The BBC is planning a revival of mainstream travel TV - but will anyone be watching?
The Travel Show makes its mainstream debut on BBC2 on Friday with reports on "Are the French really rude to tourists?", "Brazil's abseiling rubbish collectors", or the art boom in South Africa
Once upon a time, life was simple for the armchair traveller – it came down to a choice between Cliff Michelmore and Judith Chalmers.
From 1969 onwards, a deskbound Michelmore – the David Dimbleby of his day – fronted BBC1's Holiday programme, a natural career move for the man who presented the BBC coverage of that ultimate Sixties vacation, the Apollo moon landings. And, for 30 years, Chalmers hit the world's sunspots for ITV's Wish You Were Here? – all that time, she revealed later, without wearing any knickers; it was a visible panty-line issue apparently.
In 1986, Michelmore gave way to Frank Bough, who had his television passport revoked when it was exposed that he had been taking cocaine in a Mayfair brothel. Jill Dando took over in 1993, until her terrible, and still unsolved, murder in 1999, while Laurence Llewelyn Bowen was at the helm when the show reached its final baggage carousel in 2007 – to be replaced by The One Show. Holiday was still quite popular to the end, but unsentimental old Auntie recognised that, as a spokesperson put it, "the way people organise their holidays is changing." Wish You Were Here? taxied down its final runway in 2003, which was probably for the best for the health of Chalmers' skin.
The rise and fall of these great rival TV shows mirrors almost exactly that of the package holiday – the two weeks on the Costa provided by enterprises such as Intasun and Horizon. Not that millions did not still migrate to the fringes of Spain and Greece each August, but, as travel writer Kate Simon wrote in this newspaper in 2011, "within just 40 years, the British public has progressed in its travel ambitions from considering the price of a full English in Benidorm to white-water rafting on the Zambezi river."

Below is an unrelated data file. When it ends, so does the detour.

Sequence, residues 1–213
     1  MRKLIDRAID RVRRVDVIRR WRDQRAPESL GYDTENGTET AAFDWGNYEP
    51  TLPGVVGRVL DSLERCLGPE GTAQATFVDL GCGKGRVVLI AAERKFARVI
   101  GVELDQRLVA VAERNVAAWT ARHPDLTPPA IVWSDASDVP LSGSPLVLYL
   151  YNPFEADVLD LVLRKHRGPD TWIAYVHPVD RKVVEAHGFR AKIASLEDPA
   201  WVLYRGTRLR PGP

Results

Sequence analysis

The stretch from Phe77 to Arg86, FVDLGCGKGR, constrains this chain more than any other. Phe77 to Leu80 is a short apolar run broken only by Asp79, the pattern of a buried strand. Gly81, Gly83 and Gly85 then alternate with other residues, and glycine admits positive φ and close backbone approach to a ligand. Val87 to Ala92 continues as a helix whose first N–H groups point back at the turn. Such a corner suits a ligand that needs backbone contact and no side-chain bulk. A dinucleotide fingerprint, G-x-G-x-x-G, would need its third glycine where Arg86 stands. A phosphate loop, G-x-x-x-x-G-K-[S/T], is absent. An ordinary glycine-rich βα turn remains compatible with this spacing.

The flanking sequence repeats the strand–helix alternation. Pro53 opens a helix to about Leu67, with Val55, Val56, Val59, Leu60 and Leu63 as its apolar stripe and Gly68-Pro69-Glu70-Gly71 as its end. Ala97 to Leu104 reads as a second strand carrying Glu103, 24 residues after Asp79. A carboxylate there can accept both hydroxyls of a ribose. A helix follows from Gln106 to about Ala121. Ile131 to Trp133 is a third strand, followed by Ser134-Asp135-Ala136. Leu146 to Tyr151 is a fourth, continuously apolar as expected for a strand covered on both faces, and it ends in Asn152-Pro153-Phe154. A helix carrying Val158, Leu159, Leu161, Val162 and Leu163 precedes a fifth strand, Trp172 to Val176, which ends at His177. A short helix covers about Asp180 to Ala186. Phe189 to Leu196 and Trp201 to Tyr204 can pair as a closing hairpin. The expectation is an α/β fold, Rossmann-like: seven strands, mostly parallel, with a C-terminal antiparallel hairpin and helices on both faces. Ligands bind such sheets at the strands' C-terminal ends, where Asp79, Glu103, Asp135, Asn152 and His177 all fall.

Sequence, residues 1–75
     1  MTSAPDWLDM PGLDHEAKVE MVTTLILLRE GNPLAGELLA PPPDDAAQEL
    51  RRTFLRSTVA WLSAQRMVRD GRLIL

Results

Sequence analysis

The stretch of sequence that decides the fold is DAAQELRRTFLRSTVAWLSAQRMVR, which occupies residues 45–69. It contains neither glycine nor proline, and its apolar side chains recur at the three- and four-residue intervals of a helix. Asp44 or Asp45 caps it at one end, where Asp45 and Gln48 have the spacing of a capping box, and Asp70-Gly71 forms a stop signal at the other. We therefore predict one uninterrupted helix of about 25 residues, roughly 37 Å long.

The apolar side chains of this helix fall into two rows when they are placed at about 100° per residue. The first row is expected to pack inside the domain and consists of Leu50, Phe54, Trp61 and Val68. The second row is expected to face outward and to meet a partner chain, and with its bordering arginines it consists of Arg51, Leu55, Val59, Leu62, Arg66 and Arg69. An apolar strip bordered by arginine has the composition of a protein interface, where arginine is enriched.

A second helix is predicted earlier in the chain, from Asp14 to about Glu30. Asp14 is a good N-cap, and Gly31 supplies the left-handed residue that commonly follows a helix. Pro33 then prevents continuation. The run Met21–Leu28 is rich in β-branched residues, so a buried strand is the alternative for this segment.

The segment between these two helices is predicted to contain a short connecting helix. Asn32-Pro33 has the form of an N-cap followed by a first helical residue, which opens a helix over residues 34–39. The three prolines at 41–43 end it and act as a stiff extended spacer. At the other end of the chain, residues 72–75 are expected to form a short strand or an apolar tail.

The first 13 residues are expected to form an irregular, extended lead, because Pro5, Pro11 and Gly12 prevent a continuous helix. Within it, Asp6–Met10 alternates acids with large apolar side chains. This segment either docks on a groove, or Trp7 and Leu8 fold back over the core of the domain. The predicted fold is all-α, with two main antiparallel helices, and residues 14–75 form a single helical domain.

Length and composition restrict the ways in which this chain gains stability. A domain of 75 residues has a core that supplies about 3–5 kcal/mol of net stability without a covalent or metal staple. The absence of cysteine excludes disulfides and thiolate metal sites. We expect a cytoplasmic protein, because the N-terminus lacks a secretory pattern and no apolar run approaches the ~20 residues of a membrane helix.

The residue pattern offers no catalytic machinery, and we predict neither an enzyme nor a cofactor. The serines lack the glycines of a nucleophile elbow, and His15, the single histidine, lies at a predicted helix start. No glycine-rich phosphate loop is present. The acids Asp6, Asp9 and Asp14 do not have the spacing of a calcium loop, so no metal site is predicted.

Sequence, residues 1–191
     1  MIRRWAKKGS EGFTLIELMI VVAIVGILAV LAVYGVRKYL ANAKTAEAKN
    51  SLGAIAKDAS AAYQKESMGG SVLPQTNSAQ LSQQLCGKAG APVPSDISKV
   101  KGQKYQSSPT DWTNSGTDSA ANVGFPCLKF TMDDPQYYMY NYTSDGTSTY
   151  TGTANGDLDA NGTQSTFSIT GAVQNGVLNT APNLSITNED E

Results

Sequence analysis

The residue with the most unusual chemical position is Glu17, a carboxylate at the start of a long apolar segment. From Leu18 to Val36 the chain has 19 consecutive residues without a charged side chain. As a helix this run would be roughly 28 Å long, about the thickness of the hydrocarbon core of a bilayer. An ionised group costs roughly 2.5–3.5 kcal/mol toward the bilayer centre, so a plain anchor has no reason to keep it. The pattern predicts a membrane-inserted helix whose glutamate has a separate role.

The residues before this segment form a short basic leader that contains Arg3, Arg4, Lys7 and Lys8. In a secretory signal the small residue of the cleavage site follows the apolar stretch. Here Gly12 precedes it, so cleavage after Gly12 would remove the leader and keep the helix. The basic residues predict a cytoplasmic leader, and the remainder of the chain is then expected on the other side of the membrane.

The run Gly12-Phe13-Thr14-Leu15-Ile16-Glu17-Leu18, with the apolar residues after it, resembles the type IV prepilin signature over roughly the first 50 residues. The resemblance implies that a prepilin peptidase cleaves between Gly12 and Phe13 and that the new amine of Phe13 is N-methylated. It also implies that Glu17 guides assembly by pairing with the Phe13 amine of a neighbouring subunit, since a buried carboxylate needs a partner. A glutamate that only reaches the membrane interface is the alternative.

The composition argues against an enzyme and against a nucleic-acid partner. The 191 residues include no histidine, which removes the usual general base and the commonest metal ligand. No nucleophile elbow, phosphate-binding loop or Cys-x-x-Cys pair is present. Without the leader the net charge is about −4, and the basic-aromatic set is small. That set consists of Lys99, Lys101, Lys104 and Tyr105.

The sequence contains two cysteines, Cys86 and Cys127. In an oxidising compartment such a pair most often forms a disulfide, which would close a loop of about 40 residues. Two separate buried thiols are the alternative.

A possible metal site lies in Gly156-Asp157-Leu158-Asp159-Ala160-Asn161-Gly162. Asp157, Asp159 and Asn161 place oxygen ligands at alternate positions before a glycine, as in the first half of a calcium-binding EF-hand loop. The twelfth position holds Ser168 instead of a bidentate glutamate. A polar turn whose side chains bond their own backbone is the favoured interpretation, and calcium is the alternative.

An attempt was made by BBC2 in the 1980s and 1990s to make the television travel show more relevant to the freestyle traveller, with Rough Guides, produced by the "yoof TV" supremo Janet Street Porter and fronted by posh-punk-in-shades, Magenta Devine. The main channels, however, leant more and more heavily on celebrities to do our travelling for us. Michael Palin's Around the World in 80 Days was the trailblazer here, and since then the floodgates have opened. There's no better way for a channel to schmooze its most important talent.
There is, of course, a dedicated Travel Channel deep in the digital universe, with predominantly American programming and wall-to-wall episodes of Airport 24/7: Miami. And out there on BBC World News, a show called Fast Track has quietly been thriving for years.
And now, starting on Friday morning on BBC2 at 10.30am, FastTrack makes its mainstream debut – having first been re-named The Travel Show, with reports on "Are the French really rude to tourists?", "Brazil's abseiling rubbish collectors", or the art boom in South Africa. "The Travel Show isn't your typical TV travel programme," says Emma De'Ath, of BBC Global News. "It will engage the curious and intelligent traveller… and reveal just how different connected modern travel is from tourism of the past."
Carey Clark, the show's executive producer, is well aware of where the competition lies. "The internet is fine for finding good deals and comparing prices, but it is often hard to find impartial insight, advice or information," she says.
But is it really? Only last June, for example, The Independent published a 50 Best Travel Websites, which seemed to cover all the bases, from In Your Pocket ("devastatingly honest city guides") and Gadling ("the travel equivalent of an iPod shuffle button") and such trusty old favourites as lastminute.com and TripAdvisor.
Online requires you to be proactive, though, and sometimes it's nice to just have the world brought to your armchair, like in the good old days of Michelmore and Chalmers. Especially as many of us can't actually afford to go anywhere any more.
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